Breakfast the following day was enormous; we couldn’t work out if it was for our entire five day stay in the B and B or just that morning. We found out the following morning that Anna Lynne expected us to eat two small loafs of bread, a block of cheese, a packet of ham, yoghurt, cake, hot cross buns etc every single day!we have since put on a lot of weight!

After recovering from breakfast, we made our way into town by foot. We passed the Anne Frank house, which was a real eye opener. It was a really odd feeling being in the same room (complete with her posters and stickers still on the walls) in which she wrote her diary. Unfortunately I couldn’t help comparing the Holocaust, which Anne endured with the atrocities that happened more recently in my lifetime in Cambodia.

As we were a little down about life after the Anne Frank house museum, we figured we should do something a little light hearted – so,… we went to the Sex Museum (we heard that as far the “sights” of Amsterdam went – this was the safest). Turns out it was quite interesting – the museum started with all sorts of antiques (lots of old master paintings and snuff boxes). Look if you want more details Tommy you can talk to me directly ☺ Afterwards we went to the tourist information, where not surprisingly they were very unhelpful. We passed up the 17 euro, two hour walking tour through the red light district as we figured that it was something that we could do ourselves. The rain started and we jumped on the number 17 tram home.

On route to the Van Gogh museum the next day, we passed a Cash Converters…it is exactly the same as at home…but so much cheaper, they know the true price of second hand goods over here. We had to elbow our way through the millions of school kids lining up to see the Van Gogh museum. It was good and all, but bah…I’ve seen and heard it all before – Cashies was the real highlight of the morning.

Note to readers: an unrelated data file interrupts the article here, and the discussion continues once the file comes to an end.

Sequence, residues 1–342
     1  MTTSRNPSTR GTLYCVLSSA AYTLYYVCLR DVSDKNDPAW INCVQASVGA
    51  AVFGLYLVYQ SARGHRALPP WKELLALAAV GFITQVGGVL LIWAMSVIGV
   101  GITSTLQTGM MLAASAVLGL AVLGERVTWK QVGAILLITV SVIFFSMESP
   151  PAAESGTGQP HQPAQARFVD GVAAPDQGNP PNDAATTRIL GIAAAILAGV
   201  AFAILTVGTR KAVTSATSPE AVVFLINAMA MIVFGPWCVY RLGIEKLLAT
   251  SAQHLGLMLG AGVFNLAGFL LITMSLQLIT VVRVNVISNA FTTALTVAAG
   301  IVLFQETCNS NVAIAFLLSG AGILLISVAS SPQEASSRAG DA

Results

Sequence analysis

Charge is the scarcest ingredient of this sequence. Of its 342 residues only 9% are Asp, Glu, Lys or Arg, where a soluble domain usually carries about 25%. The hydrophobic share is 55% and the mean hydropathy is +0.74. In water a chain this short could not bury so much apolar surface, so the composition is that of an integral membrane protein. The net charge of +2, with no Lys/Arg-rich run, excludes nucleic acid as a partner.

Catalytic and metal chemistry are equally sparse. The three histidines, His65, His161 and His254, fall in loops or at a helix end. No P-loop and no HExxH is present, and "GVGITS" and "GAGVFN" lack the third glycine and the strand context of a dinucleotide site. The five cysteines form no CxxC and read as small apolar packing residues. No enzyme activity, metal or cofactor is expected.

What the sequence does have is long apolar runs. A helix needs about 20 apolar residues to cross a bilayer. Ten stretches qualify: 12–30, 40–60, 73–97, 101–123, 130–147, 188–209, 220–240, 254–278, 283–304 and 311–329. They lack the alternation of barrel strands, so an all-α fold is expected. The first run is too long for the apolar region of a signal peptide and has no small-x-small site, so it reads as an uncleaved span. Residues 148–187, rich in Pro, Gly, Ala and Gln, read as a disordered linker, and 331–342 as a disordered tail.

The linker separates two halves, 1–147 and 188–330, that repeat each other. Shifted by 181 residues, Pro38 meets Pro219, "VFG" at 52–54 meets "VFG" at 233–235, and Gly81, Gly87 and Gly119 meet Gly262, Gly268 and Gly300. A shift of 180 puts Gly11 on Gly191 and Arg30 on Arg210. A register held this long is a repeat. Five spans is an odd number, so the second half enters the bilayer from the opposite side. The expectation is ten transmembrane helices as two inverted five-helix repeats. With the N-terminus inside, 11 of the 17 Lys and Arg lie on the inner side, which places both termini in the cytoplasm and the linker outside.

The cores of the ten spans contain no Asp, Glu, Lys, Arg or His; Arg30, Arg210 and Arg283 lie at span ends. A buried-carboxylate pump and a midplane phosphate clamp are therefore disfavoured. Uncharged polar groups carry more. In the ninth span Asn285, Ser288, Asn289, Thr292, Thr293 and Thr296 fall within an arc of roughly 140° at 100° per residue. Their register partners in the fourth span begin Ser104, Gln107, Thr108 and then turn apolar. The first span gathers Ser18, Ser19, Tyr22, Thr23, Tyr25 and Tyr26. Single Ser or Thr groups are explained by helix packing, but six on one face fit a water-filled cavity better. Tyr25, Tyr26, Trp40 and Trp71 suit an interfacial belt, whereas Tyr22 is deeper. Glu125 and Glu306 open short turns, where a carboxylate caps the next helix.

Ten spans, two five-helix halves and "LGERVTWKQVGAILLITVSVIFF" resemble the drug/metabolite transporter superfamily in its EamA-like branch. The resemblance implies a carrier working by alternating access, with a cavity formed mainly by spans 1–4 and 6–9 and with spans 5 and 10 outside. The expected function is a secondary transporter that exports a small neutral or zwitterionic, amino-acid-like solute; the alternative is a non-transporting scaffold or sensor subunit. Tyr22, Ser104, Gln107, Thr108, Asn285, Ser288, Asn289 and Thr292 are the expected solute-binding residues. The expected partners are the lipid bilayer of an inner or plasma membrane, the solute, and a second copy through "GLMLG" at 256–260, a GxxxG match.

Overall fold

We walked around Amsterdam that afternoon and found more entertainment that this liberal society affords, an entire strip of Casinos. We were getting to the point where we were thinking “Is anything illegal in this town?”. The unhelpful, grumpy assistant at the “Cheapest internet café in Amsterdam” (which is false advertising by the way) would not give me change to buy a ticket “No change” he grunted, I had had enough of poor customer service by then so I grunted back at him “No Use!”.

So not to bore you too much more we also visited: Rebrandt’s house, hung out in Coffee Shops, went to the movies and had lots of croquets.

We went for a day trip the Hague before we left because Phil really wanted to see the World Court (geek). We were a little disappointed because we were wisked around on a bus (we felt like Japanese tourists), but in a way we didn’t mind because it was freezing outside, I don’t think that it got above eight degrees that day! We visited a huge model of Holland on the way home, which would have been a lot more fun if we didn’t loose circulation to our fingers, toes, nose…but it was really quite cool, they had working models of cannels, showing how 49% of Holland manages to stay dry, while below sea level. The airport in Holland is called Schipol which is literally Ships Hell, because when they were “reclaiming” the land (draining the land) they found many ship recks in this area. We went past a new housing estate on the way back to Amsterdam that they were building on recently “reclaimed land”, better watch out the Dutch might be knocking at our door soon ☺